Pan Am's First Routes from Brownsville
Pan Am Terminal at the Brownsville Airport, c. 1930 (Museum of South Texas History)
Gateway to Mexico and laboratory for instrument flying techniques. Long overshadowed by more illustrious bases serving glamorous destinations across the oceans, Pan American Airways' base at Brownsville Texas deserves a lot of historical respect.
Thanks to a new book by Carl Chilton, past oversights are about to be remedied. Historian Chilton has taken on the task of shining some light on a subject that has long remained somewhat hidden in his book, 70 Years of Airport History in Brownsville.
As far as Pan Am is concerned, that's appropriate (at least in a rhetorical way), because it was at Brownsville that the airline developed some critical procedures for instrument flying. One quick geographical note: Brownsville sits at the southern tip of Texas' Gulf Coast, just over the border from Matamoros and about 250 air miles from Tampico, Mexico, also on the Gulf.
R.E.G. Davies' Route Map
A little background helps. In 1929, the U.S. Post Office awarded Pan Am the contract to fly the U.S. mail to Mexico via Tampico and on to Mexico's capital. The route passed over some of the roughest terrain in the country - the Sierra Madre Mountains, which provide pilots some truly difficult weather along the way. The Mexican portion of the air route had been pioneered by some hardy souls who had seen opportunity in flying oilfield payrolls over the heads of the bandits who infested the oil drilling areas on Mexico's Gulf Coast. Starting with single engine biplanes, airline entrepreneur George Rihl soon had a flourishing business, which was known as the Compania Mexicana de Aviacion or C.M.A. Rihl was able to attract the interest of American inventor / investor Sherman Fairchild, who soon helped outfit the little airline with some updated new single-engine Fairchild airplanes. Fairchild was also among the group of men who were working with Juan Trippe to fund the growing interests of Pan American.
By early 1929, the stage was set for bigger things. On January 9th, the U.S. Post Office put Foreign Airmail Route 8 up for bid. Two weeks after that, Juan Trippe bought out Rihl's interest in C.M.A. (and made him a Pan Am V.P.) and when F.A.M. 8 was awarded to Pan American the next month, the elements were in place to make Brownsville Pan Am's new port of entry to Mexico and the lands beyond.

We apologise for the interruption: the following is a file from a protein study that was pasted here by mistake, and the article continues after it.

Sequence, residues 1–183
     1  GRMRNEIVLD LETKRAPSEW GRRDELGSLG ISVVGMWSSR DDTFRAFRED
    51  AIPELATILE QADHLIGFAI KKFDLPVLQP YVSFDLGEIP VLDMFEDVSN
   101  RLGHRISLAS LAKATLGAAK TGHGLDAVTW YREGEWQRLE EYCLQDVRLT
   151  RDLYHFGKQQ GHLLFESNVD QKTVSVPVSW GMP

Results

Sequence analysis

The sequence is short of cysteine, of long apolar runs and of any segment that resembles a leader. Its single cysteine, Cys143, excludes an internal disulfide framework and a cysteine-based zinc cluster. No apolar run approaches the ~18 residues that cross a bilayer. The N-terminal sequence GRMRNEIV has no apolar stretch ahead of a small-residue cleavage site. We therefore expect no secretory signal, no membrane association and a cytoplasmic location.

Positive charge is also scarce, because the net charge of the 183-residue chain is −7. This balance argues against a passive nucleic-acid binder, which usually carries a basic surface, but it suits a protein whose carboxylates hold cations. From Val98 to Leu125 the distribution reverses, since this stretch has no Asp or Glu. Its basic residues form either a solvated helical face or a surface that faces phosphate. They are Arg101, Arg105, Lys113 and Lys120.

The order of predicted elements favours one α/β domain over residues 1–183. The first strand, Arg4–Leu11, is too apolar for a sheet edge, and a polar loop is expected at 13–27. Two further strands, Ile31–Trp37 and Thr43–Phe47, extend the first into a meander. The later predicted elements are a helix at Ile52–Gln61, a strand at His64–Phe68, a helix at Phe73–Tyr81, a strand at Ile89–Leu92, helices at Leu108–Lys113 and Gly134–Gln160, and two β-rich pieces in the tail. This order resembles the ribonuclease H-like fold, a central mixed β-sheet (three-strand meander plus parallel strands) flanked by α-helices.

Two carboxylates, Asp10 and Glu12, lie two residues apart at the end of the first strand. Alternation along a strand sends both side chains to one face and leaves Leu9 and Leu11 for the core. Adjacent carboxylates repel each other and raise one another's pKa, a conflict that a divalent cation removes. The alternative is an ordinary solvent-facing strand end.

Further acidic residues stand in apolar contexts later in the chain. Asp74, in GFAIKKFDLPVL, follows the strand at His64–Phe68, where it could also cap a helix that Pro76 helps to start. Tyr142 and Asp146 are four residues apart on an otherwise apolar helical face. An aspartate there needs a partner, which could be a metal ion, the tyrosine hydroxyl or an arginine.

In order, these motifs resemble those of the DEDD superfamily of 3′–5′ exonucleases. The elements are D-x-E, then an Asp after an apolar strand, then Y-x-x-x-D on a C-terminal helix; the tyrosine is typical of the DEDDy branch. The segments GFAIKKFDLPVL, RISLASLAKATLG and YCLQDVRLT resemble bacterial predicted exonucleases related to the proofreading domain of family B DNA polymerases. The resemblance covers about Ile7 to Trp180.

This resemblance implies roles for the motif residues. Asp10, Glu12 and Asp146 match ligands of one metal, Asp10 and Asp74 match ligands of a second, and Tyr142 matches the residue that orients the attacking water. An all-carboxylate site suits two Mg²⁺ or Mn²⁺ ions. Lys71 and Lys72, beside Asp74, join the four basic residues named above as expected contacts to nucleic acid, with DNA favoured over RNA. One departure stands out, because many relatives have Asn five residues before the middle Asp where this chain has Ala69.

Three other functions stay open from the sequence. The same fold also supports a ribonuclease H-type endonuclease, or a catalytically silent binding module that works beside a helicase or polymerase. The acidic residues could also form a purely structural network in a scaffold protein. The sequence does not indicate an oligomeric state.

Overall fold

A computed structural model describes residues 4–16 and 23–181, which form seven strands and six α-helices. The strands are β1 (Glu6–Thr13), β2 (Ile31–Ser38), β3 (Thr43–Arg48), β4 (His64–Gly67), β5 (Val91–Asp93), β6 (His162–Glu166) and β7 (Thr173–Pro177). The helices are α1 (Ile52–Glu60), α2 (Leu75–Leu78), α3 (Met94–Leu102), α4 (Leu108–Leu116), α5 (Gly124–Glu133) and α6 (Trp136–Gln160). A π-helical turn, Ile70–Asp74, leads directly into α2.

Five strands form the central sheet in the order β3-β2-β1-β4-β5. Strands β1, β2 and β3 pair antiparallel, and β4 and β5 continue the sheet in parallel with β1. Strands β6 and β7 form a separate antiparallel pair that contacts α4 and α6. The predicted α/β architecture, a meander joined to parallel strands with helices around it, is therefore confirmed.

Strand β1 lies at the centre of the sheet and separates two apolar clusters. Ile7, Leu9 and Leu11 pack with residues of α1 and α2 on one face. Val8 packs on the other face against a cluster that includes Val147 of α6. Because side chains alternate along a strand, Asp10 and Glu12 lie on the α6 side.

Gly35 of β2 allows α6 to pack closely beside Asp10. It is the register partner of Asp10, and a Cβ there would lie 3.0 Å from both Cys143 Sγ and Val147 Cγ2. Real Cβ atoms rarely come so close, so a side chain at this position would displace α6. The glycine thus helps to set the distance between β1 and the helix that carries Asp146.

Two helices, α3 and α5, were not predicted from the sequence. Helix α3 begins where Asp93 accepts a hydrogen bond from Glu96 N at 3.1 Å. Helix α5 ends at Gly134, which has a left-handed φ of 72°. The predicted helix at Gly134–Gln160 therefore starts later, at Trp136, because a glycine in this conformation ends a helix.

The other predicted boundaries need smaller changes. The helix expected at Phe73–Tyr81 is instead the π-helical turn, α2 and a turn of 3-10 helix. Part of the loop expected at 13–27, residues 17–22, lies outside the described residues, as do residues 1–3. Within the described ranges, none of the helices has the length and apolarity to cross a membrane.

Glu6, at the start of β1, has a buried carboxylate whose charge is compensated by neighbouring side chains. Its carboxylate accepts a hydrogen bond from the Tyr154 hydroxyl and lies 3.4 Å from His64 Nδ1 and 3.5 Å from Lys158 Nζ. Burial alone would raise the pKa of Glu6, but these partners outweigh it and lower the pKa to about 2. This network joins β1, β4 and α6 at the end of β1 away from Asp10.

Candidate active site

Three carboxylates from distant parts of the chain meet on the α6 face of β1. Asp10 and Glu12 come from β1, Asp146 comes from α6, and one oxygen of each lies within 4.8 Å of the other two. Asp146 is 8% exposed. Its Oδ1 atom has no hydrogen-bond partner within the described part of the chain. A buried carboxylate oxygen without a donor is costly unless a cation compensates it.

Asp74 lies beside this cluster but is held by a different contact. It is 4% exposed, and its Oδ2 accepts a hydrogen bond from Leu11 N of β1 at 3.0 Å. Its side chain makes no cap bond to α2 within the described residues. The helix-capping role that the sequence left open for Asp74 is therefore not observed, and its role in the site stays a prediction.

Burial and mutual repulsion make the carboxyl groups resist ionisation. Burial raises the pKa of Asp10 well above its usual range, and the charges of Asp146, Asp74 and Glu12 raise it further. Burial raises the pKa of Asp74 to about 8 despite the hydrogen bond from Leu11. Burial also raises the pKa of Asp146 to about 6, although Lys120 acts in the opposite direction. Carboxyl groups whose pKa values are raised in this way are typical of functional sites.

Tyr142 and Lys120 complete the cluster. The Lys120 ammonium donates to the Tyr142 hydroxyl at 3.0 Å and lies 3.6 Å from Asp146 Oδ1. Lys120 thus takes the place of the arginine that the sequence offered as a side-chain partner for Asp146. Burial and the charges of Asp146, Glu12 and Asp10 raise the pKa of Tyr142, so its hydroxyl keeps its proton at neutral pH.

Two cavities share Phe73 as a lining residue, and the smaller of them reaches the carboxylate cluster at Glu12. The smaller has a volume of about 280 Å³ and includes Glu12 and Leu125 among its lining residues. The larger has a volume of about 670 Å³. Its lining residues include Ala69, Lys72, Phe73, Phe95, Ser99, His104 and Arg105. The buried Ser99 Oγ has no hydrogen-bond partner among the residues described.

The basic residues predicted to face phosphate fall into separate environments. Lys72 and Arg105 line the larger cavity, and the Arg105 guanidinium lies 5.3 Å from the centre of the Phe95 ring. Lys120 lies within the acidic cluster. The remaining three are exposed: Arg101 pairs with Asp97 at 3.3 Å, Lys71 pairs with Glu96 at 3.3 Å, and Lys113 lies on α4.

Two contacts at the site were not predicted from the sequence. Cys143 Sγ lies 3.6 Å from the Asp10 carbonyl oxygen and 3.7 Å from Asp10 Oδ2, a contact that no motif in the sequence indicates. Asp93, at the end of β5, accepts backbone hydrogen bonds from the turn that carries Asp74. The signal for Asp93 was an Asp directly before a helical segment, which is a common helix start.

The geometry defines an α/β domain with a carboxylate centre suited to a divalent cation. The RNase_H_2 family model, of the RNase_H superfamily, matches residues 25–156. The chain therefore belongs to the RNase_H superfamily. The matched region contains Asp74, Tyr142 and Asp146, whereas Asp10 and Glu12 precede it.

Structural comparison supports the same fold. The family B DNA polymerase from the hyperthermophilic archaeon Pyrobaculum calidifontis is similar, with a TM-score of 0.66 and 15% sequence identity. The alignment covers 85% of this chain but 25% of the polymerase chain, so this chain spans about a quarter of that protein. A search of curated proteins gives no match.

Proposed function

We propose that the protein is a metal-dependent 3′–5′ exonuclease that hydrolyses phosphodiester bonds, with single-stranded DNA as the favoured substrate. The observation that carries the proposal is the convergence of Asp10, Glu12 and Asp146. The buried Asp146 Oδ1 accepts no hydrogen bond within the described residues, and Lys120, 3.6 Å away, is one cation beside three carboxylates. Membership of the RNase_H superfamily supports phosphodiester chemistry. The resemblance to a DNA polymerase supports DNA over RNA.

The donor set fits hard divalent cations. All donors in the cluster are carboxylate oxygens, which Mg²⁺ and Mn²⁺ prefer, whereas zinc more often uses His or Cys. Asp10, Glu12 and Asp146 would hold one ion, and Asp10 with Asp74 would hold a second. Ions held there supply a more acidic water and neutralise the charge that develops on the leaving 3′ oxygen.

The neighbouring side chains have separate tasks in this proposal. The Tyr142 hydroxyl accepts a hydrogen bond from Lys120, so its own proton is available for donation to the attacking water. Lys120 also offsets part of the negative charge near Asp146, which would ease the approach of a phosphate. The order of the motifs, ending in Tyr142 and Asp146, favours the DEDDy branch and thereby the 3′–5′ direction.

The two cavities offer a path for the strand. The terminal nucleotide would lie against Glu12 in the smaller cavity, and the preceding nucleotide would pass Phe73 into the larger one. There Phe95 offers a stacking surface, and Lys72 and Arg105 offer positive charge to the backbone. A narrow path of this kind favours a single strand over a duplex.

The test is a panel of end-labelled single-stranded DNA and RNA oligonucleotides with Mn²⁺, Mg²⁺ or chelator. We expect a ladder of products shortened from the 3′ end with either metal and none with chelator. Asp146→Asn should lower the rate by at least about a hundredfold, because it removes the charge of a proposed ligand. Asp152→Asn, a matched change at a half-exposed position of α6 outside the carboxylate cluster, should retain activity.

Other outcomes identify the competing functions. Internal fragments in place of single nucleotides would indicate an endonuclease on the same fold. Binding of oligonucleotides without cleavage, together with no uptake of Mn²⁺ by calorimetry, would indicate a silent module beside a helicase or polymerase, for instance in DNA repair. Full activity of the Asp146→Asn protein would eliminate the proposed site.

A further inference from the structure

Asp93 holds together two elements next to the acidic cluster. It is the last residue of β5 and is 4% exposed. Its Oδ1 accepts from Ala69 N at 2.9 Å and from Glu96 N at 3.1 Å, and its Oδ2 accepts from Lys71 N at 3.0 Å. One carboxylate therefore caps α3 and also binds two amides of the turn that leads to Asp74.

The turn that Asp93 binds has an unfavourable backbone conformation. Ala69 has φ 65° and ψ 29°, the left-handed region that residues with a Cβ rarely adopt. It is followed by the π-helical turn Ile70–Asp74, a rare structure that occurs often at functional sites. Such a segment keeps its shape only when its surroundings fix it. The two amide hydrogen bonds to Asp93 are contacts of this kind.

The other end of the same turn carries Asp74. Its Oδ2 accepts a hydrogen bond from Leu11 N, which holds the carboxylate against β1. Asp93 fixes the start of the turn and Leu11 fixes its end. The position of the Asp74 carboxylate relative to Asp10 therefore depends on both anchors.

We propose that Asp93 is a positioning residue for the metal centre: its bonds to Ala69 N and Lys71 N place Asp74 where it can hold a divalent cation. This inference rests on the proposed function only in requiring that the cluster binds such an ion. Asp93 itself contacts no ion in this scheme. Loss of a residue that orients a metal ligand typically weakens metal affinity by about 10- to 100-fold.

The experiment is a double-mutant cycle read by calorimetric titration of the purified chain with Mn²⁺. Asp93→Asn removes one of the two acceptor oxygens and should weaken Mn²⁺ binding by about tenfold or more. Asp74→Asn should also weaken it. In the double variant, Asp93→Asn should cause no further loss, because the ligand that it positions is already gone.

Lindbergh Arriving in Brownsville
C.M.A. became Pan Am's Mexico Division, (although their aircraft flew in Mexico with joint C.M.A. & PA markings). Very naturally, Brownsville became the division's headquarters. Soon C.M.A.'s little Fairchild planes were joined by larger Ford and Fokker Tri-motor aircraft. The route was anointed in March 1929 when Charles Lindbergh - Pan American's new technical advisor - flew the mail in a Ford Tri-Motor from Mexico City to Brownsville. Within months, Pan Am's route system was not only linking Brownsville to Mexico City, but also extending southward along the Gulf, linking up new stops as it reached towards the linking-up with another Pan Am route system that crossed the Caribbean to Mexico's Yucatan Peninsula.
This was very impressive growth, but there were problems. The facilities along the expanding routes were primitive and demanded improvement. Of even greater concern was the weather. Pan Am's Chief Engineer Andre Priester was urged by C.M.A. pilot Edward Snyder to institute instrument flight training immediately.
Flying from the Gulf Coast up and over the rugged mountains towards Mexico City, pilots could encounter serious cloud cover. In those days, pilots often relied on "seat of the pants" techniques to keep oriented in flight. Unfortunately, human senses weren't adequate to keep oriented without visual cues. It was not unusual for pilots to find themselves in a "graveyard" spin when they lost sight of any visual cues as they flew in cloud. It was urgent that the airline develop some "all weather" flying techniques.
Pilot Snyder, working at Pan Am's Brownsville base, was a pioneer in developing techniques to help other pilots make the transition to "blind" flying. He swung blindfolded trainees on a revolving chair, and soon they learned that their innate "seat of the pants" orientation was completely useless if they had no visual cues to go on. The next step was to isolate the subject in a box with a turn and bank indicator, also on a swivel, and they gained more reinforcement of their need for objective instrumentation.
When Ed Snyder died in an unfortunate accident (not while "flying blind" it should be noted), another Pan Am pilot took over. His name was Harold Gray, and he would go on to become one of the company's best known pilots, helping to further the development of instrument flying, and in the next decade pioneering Pan Am's transatlantic routes. Eventually he would head Pan American World Airways, as Juan Trippe's hand-picked successor.
The pioneering work to develop instrument flying techniques, born in Brownsville, was adapted at Pan Am's other bases and by all the airline's divisions.